Thing is, David Cameron gave incorrect information. All referendums
are advisory and, on that point, he misled those who listened to him.
And you're continuing to deliberately miss the point: the referendum
was in legal terms advisory but the Prime Minister of the United
Kingdom promised to implement the result, *advisory* *or* *not*.
OK, we know now he was lying, and also lying about staying on as PM if
the vote was for leaving, but the promise remains.
No promise remains. Theer is only the distant echo remains of words
uttered by a former politician, Cameron, which some die hard Brexiteers
still cling on to.
Post by Joe
The referendum was held on the basis that it was real, that the voters
of the UK were being given the choice to remain or leave.
The referendum was never more than advisory. Cook up as many arguments
as you like (about what was promised in the campaign or whatever) but
it's not going to change this.

If a whopping majority
wanted to leave the EU then MPs would be unwise to ignore them. As it
turned out, a slender majority (probably now gone) wanted Brexit and
government went about appeasing their wish.
Post by Joe
People voted in the referendum on that basis.
It's no good saying now that it was all just a hoax. Oooops, sir,
you've bought the product, but it doesn't do what it says on the tin,
and I knew it didn't when I sold it to you, and you're not getting
your money back 'cos I'm the government. That won't do. The
Conservative Party either gets behind their former leader's promise or
they die now as a serious political force, and take what remains of
the UK government's reputation with them. The Lib-Dems will have
company.
The referendum was always advisory. I am sorry for those who fooled
themselves or allowed themselves to be fooled that it was not.

After the referendum Leavers found, to everyone's amazement, that
opposition in Parliament to Brexit had collapsed. Brexiteers were given
a clear run but mucked it up royally with excessive and unrealistic
demands and behaving like children.

As the true nature of Brexit has revealled itself they have reasserted
themselves. Yesterday's votes in Parliament have given control back to
the House.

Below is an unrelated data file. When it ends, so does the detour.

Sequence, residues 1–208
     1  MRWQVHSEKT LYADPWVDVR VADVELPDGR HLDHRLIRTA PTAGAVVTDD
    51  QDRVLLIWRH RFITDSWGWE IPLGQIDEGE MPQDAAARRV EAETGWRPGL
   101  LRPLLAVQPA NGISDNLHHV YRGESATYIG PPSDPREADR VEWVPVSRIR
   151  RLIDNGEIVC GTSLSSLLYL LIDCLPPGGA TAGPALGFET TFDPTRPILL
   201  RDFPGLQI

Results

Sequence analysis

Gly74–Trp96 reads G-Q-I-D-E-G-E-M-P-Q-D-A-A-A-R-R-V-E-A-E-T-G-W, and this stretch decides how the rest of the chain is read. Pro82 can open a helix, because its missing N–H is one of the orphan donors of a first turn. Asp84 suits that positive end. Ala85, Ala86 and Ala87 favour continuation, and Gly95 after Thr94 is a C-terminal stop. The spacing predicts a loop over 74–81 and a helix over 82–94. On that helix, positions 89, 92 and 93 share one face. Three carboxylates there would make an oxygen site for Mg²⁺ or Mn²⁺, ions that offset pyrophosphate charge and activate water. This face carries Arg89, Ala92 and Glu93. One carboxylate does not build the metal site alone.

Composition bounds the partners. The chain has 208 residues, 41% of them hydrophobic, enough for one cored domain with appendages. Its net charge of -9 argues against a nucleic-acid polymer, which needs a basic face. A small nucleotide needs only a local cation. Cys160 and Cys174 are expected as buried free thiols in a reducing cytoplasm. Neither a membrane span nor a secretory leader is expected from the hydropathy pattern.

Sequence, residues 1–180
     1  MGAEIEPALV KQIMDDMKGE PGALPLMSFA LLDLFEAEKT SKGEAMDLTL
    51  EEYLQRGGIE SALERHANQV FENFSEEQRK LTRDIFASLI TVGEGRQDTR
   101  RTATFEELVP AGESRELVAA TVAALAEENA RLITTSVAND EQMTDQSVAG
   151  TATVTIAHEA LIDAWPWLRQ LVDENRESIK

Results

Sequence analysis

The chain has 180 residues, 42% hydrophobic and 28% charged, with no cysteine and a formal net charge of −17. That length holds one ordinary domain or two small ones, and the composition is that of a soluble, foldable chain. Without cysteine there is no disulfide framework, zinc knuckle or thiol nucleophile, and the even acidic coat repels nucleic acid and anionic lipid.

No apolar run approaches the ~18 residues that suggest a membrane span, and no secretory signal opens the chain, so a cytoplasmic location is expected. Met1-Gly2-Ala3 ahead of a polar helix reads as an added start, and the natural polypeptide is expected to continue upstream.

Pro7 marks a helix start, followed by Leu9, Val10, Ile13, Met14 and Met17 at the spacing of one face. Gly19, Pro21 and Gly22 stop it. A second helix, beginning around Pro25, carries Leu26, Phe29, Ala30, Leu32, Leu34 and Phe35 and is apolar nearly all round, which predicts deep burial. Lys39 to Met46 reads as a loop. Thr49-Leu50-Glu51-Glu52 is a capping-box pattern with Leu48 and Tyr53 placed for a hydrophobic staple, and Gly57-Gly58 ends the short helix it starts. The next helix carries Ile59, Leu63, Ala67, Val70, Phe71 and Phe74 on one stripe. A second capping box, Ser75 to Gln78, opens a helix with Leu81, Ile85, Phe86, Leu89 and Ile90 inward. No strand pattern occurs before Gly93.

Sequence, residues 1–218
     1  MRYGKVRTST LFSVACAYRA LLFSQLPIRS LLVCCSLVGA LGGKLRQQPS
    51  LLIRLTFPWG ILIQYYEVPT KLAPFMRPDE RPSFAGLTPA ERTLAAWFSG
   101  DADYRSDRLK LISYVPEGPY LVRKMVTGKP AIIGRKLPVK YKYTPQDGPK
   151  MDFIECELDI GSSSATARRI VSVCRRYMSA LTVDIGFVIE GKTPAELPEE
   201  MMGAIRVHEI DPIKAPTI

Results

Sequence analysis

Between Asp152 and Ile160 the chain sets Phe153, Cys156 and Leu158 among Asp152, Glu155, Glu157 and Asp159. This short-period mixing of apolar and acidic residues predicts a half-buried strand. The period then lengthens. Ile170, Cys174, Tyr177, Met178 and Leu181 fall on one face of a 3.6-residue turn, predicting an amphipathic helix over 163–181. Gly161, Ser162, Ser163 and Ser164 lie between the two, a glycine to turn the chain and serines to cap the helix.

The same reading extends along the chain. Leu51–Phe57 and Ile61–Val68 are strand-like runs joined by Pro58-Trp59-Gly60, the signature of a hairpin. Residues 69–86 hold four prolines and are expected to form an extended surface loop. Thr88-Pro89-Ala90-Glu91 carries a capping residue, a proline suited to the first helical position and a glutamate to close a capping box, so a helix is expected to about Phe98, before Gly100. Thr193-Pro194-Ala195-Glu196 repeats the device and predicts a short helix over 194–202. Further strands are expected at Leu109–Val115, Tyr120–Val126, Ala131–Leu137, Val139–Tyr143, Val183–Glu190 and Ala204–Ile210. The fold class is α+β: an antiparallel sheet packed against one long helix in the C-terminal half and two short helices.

The adults are back in charge.
abelard
2018-12-06 09:47:07 UTC
Reply
Permalink
Post by Pamela
No promise remains. Theer is only the distant echo remains of words
uttered by a former politician, Cameron, which some die hard Brexiteers
still cling on to.
as usual in your dishonesty, you post rubbish...

the main parties also backed brexit...the government backed it

suck it up
--
www.abelard.org
Pamela
2018-12-05 18:33:58 UTC
Reply
Permalink
Post by Vidcapper
Post by Pamela
Post by Joe
On Wed, 05 Dec 2018 08:37:05 +0000
Post by MM
Because Theresa May called for one in 2017 and no one complained
that it was anti-demodratic. We may be facing yet another general
election soon. Would that be anti-democratic?
No. As you know, it's anti-democratic when you hold an election or
referendum and refuse to accept the result. You're the expert here.
And the EU has refused to permit elected officials to hold office in
Austria, Italy and Greece (so far). Now *that's* anti-democratic.
The outcome of a general election is not accepted in perpituity. It
holds only until the next general election.
The Brexit referendum was advisory and if the British public wants to
change its advice (to Parliament) then that's fine.
FFS, if I had a penny for every time the referendum was advisory...
Yes, it's such a common mistake to claim it was mandatory.

Brexiteers now clucth at straws and invent new rules whenever true
democracy asserts itself.
MM
2018-12-05 17:07:29 UTC
Reply
Permalink
Post by Joe
On Wed, 05 Dec 2018 08:37:05 +0000
Post by MM
Because Theresa May called for one in 2017 and no one complained that
it was anti-demodratic. We may be facing yet another general election
soon. Would that be anti-democratic?
No. As you know, it's anti-democratic when you hold an election or
referendum and refuse to accept the result. You're the expert here.
There was nothing to accept. The referendum result was advisory only.
Consider, certainly, but accept, no.
Post by Joe
And the EU has refused to permit elected officials to hold office in
Austria, Italy and Greece (so far). Now *that's* anti-democratic.
But what has that got to do with GB?

MM
p***@gmail.com
2018-12-05 18:27:32 UTC
Reply
Permalink
Post by Joe
On Wed, 05 Dec 2018 08:37:05 +0000
Post by MM
Because Theresa May called for one in 2017 and no one complained that
it was anti-demodratic. We may be facing yet another general election
soon. Would that be anti-democratic?
No. As you know, it's anti-democratic when you hold an election or
referendum and refuse to accept the result. You're the expert here.
And the EU has refused to permit elected officials to hold office in
Austria, Italy and Greece (so far). Now *that's* anti-democratic.
--
Joe
Please could you post details? Thanks

Patrick
Joe
2018-12-05 19:24:18 UTC
Reply
Permalink
On Wed, 5 Dec 2018 10:27:32 -0800 (PST)
Post by p***@gmail.com
Post by Joe
On Wed, 05 Dec 2018 08:37:05 +0000
Post by MM
Because Theresa May called for one in 2017 and no one complained
that it was anti-demodratic. We may be facing yet another general
election soon. Would that be anti-democratic?
No. As you know, it's anti-democratic when you hold an election or
referendum and refuse to accept the result. You're the expert here.
And the EU has refused to permit elected officials to hold office in
Austria, Italy and Greece (so far). Now *that's* anti-democratic.
--
Joe
Please could you post details? Thanks